The myth of women’s false accusations of domestic violence and rape and misuse of protection orders

Fact sheet by, also available in PDF. Summary from the fact sheet:


Women routinely make up allegations of domestic violence and rape, including to gain advantage in family law cases. And women use protection orders to remove men from their homes or deny contact with children.


  • The risk of domestic violence increases at the time of separation.
  • Most allegations of domestic violence in the context of family law proceedings are made in good faith and with support and evidence for their claims.
  • Rates of false accusations of rape are very low.
  • Women living with domestic violence often do not take out protection orders and do so only as a last resort.
  • Protection orders provide an effective means of reducing women’s vulnerability to violence.

Neglect of Children

Neglect is a failure to provide certain basic necessities of life, including food/water, adequate shelter, or appropriate supervision. Not getting medical care or not being taken to school may also classify as neglect.

Physical Abuse of Children

Physical abuse can be any act of violence (accidental or intentional) that results in an injury to a child. This may include punching, kicking, shaking, stabbing, throwing, biting, choking, burning or hitting (with an hand or an object, like a belt or switch).

“Power and Control” and “Accountability Wheels” for Male Aspiring Allies

by Ben Atherton-Zeman.  Ben, though not a Christian, believes that more work needs to be done to involve men to end men’s violence.   He has created a set of wheels to help men become more effective allies in the movement against battered women.

Respecting & Listening to Victims of Violence

An excellent handbook from Calgary Women’s Emergency Shelter.  Written mainly for people who want to be able to support victims of family violence, but also beneficial to victims.  It will give you ideas about talking with victims in respectful ways that will be helpful to women who are being abused by their partner.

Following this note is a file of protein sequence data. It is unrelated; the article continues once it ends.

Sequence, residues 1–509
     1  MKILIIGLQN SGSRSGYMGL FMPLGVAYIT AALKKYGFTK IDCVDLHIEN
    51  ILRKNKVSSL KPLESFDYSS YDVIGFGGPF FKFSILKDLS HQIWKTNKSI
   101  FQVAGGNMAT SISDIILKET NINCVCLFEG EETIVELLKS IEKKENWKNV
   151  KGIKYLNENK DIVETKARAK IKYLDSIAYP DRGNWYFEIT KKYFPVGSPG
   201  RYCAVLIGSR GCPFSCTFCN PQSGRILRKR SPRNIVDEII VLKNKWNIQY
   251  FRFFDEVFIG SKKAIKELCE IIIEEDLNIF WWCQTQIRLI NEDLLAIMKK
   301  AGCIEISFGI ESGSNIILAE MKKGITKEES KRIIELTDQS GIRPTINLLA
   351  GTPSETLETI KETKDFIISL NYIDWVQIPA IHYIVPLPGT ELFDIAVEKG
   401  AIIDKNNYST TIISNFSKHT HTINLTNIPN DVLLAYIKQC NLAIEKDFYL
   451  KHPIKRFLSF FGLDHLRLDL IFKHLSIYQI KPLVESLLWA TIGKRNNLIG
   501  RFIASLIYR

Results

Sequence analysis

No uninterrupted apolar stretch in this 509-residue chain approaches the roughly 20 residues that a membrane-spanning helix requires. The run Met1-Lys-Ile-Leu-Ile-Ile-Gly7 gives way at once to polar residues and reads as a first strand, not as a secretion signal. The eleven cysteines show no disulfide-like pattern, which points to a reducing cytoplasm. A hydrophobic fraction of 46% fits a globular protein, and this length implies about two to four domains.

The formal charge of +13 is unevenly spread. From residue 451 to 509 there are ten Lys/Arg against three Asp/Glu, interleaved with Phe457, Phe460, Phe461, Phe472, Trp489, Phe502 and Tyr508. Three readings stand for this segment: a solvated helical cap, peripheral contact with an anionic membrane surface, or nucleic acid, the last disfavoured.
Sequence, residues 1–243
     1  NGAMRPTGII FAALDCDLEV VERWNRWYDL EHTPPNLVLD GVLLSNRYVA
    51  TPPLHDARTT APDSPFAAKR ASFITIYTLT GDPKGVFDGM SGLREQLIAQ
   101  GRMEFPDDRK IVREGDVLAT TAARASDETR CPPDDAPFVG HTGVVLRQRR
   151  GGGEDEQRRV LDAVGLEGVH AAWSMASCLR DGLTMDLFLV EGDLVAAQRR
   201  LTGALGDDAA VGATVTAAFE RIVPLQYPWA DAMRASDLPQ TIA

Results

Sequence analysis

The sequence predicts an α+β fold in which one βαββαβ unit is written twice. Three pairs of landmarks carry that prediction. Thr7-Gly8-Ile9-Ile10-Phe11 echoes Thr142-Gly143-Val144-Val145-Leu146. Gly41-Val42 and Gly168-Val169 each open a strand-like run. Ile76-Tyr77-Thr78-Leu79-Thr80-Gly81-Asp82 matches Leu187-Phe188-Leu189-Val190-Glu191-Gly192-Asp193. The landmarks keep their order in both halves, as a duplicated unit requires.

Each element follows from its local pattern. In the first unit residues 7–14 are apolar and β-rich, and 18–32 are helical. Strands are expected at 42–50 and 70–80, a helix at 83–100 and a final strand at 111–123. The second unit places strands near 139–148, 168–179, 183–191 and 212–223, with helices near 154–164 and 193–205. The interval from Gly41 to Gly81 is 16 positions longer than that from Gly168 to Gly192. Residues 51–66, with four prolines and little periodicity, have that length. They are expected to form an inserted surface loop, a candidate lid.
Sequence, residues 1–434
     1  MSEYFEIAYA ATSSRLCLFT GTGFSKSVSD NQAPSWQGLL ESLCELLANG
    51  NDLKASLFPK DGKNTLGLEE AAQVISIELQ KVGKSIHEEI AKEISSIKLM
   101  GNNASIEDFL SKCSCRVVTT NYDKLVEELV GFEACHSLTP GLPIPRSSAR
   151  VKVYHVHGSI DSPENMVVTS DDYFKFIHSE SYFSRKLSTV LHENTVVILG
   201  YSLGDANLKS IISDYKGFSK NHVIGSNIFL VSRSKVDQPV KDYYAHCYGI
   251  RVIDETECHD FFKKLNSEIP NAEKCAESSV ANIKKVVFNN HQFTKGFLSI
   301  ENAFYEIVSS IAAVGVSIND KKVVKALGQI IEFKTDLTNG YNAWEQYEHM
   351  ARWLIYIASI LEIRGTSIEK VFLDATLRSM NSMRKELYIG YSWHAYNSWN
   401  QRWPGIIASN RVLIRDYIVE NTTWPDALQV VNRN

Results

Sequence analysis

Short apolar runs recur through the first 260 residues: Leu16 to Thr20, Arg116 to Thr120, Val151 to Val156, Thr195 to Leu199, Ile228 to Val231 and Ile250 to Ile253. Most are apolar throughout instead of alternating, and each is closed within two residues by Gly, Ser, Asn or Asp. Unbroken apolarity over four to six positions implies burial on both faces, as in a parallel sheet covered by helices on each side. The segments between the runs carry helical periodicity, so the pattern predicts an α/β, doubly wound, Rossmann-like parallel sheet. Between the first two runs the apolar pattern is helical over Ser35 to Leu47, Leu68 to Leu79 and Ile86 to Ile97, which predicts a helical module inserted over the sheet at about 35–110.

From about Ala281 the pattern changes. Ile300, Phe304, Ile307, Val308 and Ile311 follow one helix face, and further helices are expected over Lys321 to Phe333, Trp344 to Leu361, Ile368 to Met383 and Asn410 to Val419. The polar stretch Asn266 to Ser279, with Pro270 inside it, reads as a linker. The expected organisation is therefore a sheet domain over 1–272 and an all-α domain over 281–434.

Sexual Abuse of Children

Sexual abuse may include inappropriate touching, being forced to have sex or engage in sexual acts, being forced to watch pornography, being prostituted, or having someone expose themselves to a child.

Sexist humour and rape jokes: Five key points

by Michael Flood.

Sexist jokes often are dismissed or excused as harmless fun. Yet they have real, negative effects in the world. They are linked to sexist and violent behaviour, they worsen gender inequalities, and they increase tolerance for violence against women.

Sin by Silence

Sin by Silence is a documentary that takes one into the lives of women who are domestic violence’s living, worst-case scenarios.  Some of these women have killed their abusers and are now trapped behind bars.  This documentary tells the story of Convicted Women Against Abuse (CWAA), an initiative led by the women of CWAA to help educate the legal system.  Through careful orchestration of letter writing campaigns, media coverage, and senate hearings a moment was born and laws for battered women were change.

Toxic Relationship Aftermath: Doubt, Mistrust and Paranoia?

by Dr George Simon Jr.

Unhelpful Comments by Well-Meaning People – and how to respond to them

An ACFJ blog post by Barbara Roberts. This will give you ideas of what not to say to victims!

Vicarious Trauma

This Headington Institute webpage contains an excerpt from Understanding and Addressing Vicarious Trauma that may be useful for those who are feeling overwhelmed from supporting victims of abuse.

What Men Can Do

The original What Men Can Do website now redirects No To Violence.

Information about how men can respond to and prevent men’s violence against women.

Why Didn’t You Leave?

An ACFJ blog post by Barbara Roberts.  Explains the many reasons why women stay. After reading this article, bystanders will be less likely to slight a victim for not leaving an abusive relationship.